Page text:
• Khan
    Aug 3, 2016 - 11:05PM

    Good article….seems this world will be torn apart between the battles of the secular and religious fanatics…the ordinary people bear the brunt…be it afganistan, iraq, syria, libya, egypt, turkey, france, usa, germany, etc…Recommend

  • ShamelessPakistanis
    Aug 4, 2016 - 12:12AM

    @Iron hand:
    True. Liberals & Seculars whatever the cult is, will come after you pretty hard. Basically you cannot criticize the media and they are the law.Recommend

  • sars
    Aug 4, 2016 - 12:38AM

    Its impossible to compare a couple of offensive people to the inhuman acts of religious extremism. you don’t see liberals beheading or enslaving or causing mass destruction . Whining that you arent allowed to swim in a tent is really not comparableRecommend

  • IndianDude
    Aug 4, 2016 - 12:58AM

    Funny thing is the author has chosen to immigrate and travel to the countries that are full of secular and liberal ‘fanatics’, instead of Pakistan, a country full of religious ‘fanatics’.
    Here in lies invalidation of ‘Fanatics are all the same’ theory.Recommend

  • Aisha
    Aug 4, 2016 - 2:32AM

    Women should not be swimming in the same pool as men and secondly they should be covered in a proper swimnsuit, not even one piece or bikini but that covers them entirely. Serves you right you were kicked out as you should go get a religious educationRecommend

  • MK
    Aug 4, 2016 - 2:34AM

    shes in a mixed pool, you completing your lap were far off leaving her unattended, shes in a mixed pool, wet. regardless of the so called covered clothes. then you complain? huhRecommend

  • H
    Aug 4, 2016 - 3:51AM

    @Rahul: and you should keep out of our affairs, slaveRecommend

  • Ahsen Ali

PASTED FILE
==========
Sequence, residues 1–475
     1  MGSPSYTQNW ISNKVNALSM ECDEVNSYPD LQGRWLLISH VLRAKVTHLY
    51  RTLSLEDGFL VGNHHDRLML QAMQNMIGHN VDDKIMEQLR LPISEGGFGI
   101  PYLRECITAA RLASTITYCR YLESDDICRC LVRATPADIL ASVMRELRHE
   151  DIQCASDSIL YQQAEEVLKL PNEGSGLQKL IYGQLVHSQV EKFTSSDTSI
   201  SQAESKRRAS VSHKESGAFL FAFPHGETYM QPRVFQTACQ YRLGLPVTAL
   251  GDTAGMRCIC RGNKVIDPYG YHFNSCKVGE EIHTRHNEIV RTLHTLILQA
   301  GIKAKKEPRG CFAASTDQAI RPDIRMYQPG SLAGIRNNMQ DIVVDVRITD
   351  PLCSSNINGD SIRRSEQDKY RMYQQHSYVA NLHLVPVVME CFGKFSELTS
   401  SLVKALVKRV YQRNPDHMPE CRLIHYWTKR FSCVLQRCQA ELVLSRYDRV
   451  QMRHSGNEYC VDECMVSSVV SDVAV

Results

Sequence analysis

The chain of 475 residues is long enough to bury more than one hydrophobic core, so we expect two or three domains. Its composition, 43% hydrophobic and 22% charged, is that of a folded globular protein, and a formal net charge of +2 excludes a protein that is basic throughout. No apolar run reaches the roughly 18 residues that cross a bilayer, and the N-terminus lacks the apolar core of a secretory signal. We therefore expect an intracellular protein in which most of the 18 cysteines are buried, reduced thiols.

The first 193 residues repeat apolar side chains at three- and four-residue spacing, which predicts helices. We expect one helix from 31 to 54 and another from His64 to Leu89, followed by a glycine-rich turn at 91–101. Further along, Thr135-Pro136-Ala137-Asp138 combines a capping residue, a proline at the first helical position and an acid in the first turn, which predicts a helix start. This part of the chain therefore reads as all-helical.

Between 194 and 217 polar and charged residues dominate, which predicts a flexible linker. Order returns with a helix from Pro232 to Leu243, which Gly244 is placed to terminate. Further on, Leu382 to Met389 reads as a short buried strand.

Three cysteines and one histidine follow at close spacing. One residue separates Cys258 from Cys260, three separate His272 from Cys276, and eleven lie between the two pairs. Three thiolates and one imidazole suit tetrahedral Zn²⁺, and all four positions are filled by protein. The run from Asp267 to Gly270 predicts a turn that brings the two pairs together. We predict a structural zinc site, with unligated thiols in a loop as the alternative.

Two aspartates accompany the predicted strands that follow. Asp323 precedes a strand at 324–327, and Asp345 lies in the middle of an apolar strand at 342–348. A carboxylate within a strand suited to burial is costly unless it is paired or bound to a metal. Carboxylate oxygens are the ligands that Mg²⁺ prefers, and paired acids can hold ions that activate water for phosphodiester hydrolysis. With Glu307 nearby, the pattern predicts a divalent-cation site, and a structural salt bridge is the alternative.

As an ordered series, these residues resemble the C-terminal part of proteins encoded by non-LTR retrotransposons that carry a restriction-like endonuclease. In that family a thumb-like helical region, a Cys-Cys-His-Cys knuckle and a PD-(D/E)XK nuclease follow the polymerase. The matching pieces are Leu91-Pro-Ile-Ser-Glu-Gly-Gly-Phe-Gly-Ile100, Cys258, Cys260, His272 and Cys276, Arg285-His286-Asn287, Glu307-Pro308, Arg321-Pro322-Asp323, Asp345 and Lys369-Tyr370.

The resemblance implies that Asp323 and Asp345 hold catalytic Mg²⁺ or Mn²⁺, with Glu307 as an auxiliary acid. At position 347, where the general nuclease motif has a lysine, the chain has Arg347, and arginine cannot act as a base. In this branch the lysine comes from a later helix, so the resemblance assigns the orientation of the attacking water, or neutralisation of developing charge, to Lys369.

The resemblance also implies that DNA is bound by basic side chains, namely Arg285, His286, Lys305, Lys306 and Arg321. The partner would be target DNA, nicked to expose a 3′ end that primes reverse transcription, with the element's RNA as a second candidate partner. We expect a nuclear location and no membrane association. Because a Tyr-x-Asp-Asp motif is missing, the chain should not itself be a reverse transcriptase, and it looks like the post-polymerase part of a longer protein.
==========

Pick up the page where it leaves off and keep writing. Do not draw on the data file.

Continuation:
Aug 4, 2016 - 9:21AM

    Very well written, this is the problem we either slide to one side or another, keeping balance is very important. Recommend

  • Usman
    Aug 4, 2016 - 9:35AM

    I can fully empathize with the author. Both sides of the world are filled with equally aggressive but polar opposite fundamentlists. And both of them have the potential to drive this world into a collision course!
    We should all be respectful of rights and values of one another. Religions teach moderation and humility. Human stubborness and egocentricity must not be equated with or mixed into religion or misconstrued as the latter’s teachings.
    A Muslim female should have the right to feel comfortable in an attire of her choice just as any Non Muslim. It is wrong to deny them the right of hijab and scarf in the name of secularism just as its not right to deny them education and liberty, the latter being done in our part of fundamentalist conservative world.

    Further, i believe generalization is wrong ; an individual sinner cannot represent a million others who share the same faith, but harbour the true set of values! Recommend

  • Nauman
    Aug 4, 2016 - 11:03AM

    @Iron hand:
    Meet any vegans ever?????Recommend

  • truthbetold
    Aug 5, 2016 - 2:58AM

    “Clearly, they had not received the memo highlighting the Quranic passage upholding that there was no compulsion in religion.”

    But the problem is that there are dozens of subsequent verses teach exactly the opposite.

    “Fanatics are all the same”. “Indeed, secular fanatics are just as intimidating and coercive as religious fanatics.”

    Not quite correct. False equivalence. While the secular fanatics can indeed be aggressive, the Islamic fanatics think they are carrying out god’s orders. These Islamic fanatics behead, bomb and terrorize those who don’t accept their views.Recommend

  • bush
    Aug 5, 2016 - 4:39AM

    Turkey is secular state and Military is supposed to protect it.No niqab or scarf in government jobs Universities and offices also in parliament.Turkish is written in Roman Script.
    Erdogan has tried to islamicise Turkey. USA is more liberal in clothing.Muslims should not insist on wearing Burqa here.It is important that all identify themselves in Public.In USA less than one percent Muslim men wear traditional clothes and expect more women to wear them.It is simply sexism and male chauvinism .Recommend

  • fuzz
    Aug 8, 2016 - 7:27PM

    @Iron hand:
    clearly you have been leaving under a rock otherwise you would know secular fanatics have killed millions of peopleRecommend

More in Opinion